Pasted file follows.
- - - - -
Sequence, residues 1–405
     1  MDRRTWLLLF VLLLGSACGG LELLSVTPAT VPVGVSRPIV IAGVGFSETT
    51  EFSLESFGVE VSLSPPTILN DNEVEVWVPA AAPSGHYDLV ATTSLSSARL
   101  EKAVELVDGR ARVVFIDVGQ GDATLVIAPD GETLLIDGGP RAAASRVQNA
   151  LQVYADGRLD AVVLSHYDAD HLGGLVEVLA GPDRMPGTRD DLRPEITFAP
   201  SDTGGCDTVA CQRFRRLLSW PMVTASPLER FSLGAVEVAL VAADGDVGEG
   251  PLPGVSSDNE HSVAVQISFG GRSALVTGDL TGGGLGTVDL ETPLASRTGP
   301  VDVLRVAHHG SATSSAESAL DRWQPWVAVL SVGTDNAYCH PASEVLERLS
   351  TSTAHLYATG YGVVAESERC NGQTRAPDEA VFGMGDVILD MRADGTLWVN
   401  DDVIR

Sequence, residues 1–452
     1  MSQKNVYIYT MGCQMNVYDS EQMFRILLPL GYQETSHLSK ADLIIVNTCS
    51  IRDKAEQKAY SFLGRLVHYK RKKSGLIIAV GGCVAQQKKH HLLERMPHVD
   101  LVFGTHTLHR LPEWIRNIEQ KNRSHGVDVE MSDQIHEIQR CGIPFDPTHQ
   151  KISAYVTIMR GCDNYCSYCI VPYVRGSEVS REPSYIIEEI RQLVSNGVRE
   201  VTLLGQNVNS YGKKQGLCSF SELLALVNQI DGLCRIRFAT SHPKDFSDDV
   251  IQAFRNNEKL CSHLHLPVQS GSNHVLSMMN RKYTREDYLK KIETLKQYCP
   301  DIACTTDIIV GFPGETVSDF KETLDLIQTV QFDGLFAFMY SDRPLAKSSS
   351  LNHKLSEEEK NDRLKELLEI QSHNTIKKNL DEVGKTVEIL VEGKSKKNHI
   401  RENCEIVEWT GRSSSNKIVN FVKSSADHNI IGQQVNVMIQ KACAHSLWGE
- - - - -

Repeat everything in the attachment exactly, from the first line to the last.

Sequence, residues 1–405
     1  MDRRTWLLLF VLLLGSACGG LELLSVTPAT VPVGVSRPIV IAGVGFSETT
    51  EFSLESFGVE VSLSPPTILN DNEVEVWVPA AAPSGHYDLV ATTSLSSARL
   101  EKAVELVDGR ARVVFIDVGQ GDATLVIAPD GETLLIDGGP RAAASRVQNA
   151  LQVYADGRLD AVVLSHYDAD HLGGLVEVLA GPDRMPGTRD DLRPEITFAP
   201  SDTGGCDTVA CQRFRRLLSW PMVTASPLER FSLGAVEVAL VAADGDVGEG
   251  PLPGVSSDNE HSVAVQISFG GRSALVTGDL TGGGLGTVDL ETPLASRTGP
   301  VDVLRVAHHG SATSSAESAL DRWQPWVAVL SVGTDNAYCH PASEVLERLS
   351  TSTAHLYATG YGVVAESERC NGQTRAPDEA VFGMGDVILD MRADGTLWVN
   401  DDVIR

Sequence, residues 1–452
     1  MSQKNVYIYT MGCQMNVYDS EQMFRILLPL GYQETSHLSK ADLIIVNTCS
    51  IRDKAEQKAY SFLGRLVHYK RKKSGLIIAV GGCVAQQKKH HLLERMPHVD
   101  LVFGTHTLHR LPEWIRNIEQ KNRSHGVDVE MSDQIHEIQR CGIPFDPTHQ
   151  KISAYVTIMR GCDNYCSYCI VPYVRGSEVS REPSYIIEEI RQLVSNGVRE
   201  VTLLGQNVNS YGKKQGLCSF SELLALVNQI DGLCRIRFAT SHPKDFSDDV
   251  IQAFRNNEKL CSHLHLPVQS GSNHVLSMMN RKYTREDYLK KIETLKQYCP
   301  DIACTTDIIV GFPGETVSDF KETLDLIQTV QFDGLFAFMY SDRPLAKSSS
   351  LNHKLSEEEK NDRLKELLEI QSHNTIKKNL DEVGKTVEIL VEGKSKKNHI
   401  RENCEIVEWT GRSSSNKIVN FVKSSADHNI IGQQVNVMIQ KACAHSLWGE